Torbay’s ambitions became rapidly unstuck in March 2013 when the Financial Review reported he had received assistance from embattled Labor operative Eddie Obeid ahead of his run for state parliament in 1999. Over the next two days Torbay withdrew as candidate and resigned as member for Northern Tablelands, and his home was raised the following week by the Independent Commission Against Corruption. Joyce was quick to reiterate his interest in the seat, despite a degree of disquiet towards him in the local party that had earlier seen his opponents sound out the party’s state leader, Andrew Stoner, with a view to running against Windsor and assuming the federal party leadership in Joyce’s stead. In the event, Joyce did not face serious opposition in the local preselection, and went on to serve as Agriculture Minister with the election of the Abbott government, further gain the water resources portfolio in September 2015, and finally became Nationals leader and Deputy Prime Minister after Warren Truss stepped aside in February 2016, having been elected unopposed.

A new cloud appeared on Joyce’s horizon in March 2016, when Tony Windsor announced he would seek to recover the seat he had relinquished at the 2013 election. Windsor came to politics from a background as a local farmer and economist, winning the state seat of Tamworth as an independent in 1991 after unsuccessfully seeking preselection to succeed a retiring Nationals member. Windsor benefited from a revolt of local party members after receiving the support of seven out of nine local party branches, and he went on to defeat the Nationals candidate by 9.8% after preferences, and effortlessly win re-election in 1995 and 1999. Windsor’s first victory gave him an early taste of life as an independent in a hung parliament, Nick Greiner’s Coalition government having lost its majority at the election. Windsor was at first the most accommodating of the independents in shoring up Greiner’s position in parliament, but he would join the others in forcing Greiner’s resignation following an adverse ICAC finding in June 1992.

Windsor announced his intention to contest New England two months out from the 2001 federal election, and duly prevailed by an 8.3% margin over Nationals incumbent Stuart St Clair. His testy relationship with the Nationals worsened in the lead-up to the 2004 election when he claimed he had been offered a sinecure if he agreed to quit politics, telling parliament a few months later that the offer was communicated to him by a Tamworth businessman acting at the behest of John Anderson and Nationals Senator Sandy Macdonald. This was denied by all concerned, including the businessman. Household name status awaited Windsor after the 2010 election left him and four other cross-benchers holding the parliamentary balance of power, and he together with the other New South Wales regional independent, Lyne MP Rob Oakeshott, threw their lot in with Labor, despite the conservative complexion of their electorates. All subsequent indications were that both Windsor and Oakeshott had paid a high political price for their decision, with polls suggesting he was headed for defeat. On the day that Julia Gillard was deposed as Labor leader in June 2013, both Windsor and Oakeshott announced they would not seek re-election, with Windsor invoking health concerns.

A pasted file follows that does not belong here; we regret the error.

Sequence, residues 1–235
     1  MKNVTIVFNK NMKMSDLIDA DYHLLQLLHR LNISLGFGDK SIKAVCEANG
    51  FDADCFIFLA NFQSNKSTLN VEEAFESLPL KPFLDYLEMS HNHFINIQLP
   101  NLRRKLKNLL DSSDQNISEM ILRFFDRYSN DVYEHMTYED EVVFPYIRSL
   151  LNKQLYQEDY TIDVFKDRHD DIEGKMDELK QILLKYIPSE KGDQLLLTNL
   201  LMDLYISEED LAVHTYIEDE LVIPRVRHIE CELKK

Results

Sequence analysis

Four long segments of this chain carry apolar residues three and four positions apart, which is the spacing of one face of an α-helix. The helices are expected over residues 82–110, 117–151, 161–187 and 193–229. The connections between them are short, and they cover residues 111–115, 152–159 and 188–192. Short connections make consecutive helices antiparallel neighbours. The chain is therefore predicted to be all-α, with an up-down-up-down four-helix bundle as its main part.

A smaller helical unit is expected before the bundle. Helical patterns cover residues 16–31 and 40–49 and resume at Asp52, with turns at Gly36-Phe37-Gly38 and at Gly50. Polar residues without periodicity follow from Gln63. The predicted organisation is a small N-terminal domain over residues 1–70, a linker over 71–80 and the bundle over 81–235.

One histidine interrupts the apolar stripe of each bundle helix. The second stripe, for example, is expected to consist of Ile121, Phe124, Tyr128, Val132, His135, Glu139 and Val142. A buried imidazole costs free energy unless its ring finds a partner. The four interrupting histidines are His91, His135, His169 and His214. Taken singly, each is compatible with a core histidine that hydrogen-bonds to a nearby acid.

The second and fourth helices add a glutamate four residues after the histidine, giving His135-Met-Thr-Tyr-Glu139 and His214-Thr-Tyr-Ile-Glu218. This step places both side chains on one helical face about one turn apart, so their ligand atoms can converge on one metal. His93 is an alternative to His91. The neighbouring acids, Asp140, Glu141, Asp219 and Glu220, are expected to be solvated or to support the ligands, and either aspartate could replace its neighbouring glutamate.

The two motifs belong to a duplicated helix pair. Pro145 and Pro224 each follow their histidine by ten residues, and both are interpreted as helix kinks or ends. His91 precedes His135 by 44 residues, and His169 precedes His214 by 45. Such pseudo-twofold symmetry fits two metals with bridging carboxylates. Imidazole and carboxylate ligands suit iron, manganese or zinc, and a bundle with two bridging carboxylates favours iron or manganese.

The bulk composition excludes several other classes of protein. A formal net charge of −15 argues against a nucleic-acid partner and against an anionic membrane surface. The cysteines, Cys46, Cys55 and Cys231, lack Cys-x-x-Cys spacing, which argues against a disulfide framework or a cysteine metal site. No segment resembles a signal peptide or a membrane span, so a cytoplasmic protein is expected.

Windsor returned to the spotlight in July 2015 when he campaigned against the government’s decision to approve the $1.2 billion Shenhua Watermark coal mine near Gunnedah, which Joyce himself had characterised as “mad”. His announcement that he would run against Joyce came shortly after a ReachTEL opinion poll found he would attract 32.2% of the primary vote compared with 39.5% for Joyce, suggesting Joyce would be at serious risk of losing the seat after distribution of Labor and Greens preferences.

Killing time: part two

A thread for discussion of part two of the ABC’s documentary on the life and times of the Rudd-Gillard-Rudd government.

Last week’s opening instalment of the ABC’s The Killing Season treated us to the thrills and spills of the Rudd government’s first two-and-a-half years in government. In tonight’s episode, we move into the sharper end of proceedings. Here again as a thread for discussion of what transpires. Play nice, everybody …

Killing time

Stroll down memory lane with tonight’s premiere of the ABC’s warts-and-more-warts documentary on the short life and fast times of the Rudd-Gillard government.

A thread for discussion of the troubled life of the Rudd-Gillard-Rudd government, apropos tonight’s premiere of ABC Television’s epic fantasy series, The Killing Season. Please keep this thread on topic – the general discussion continues on the post immediately below this one.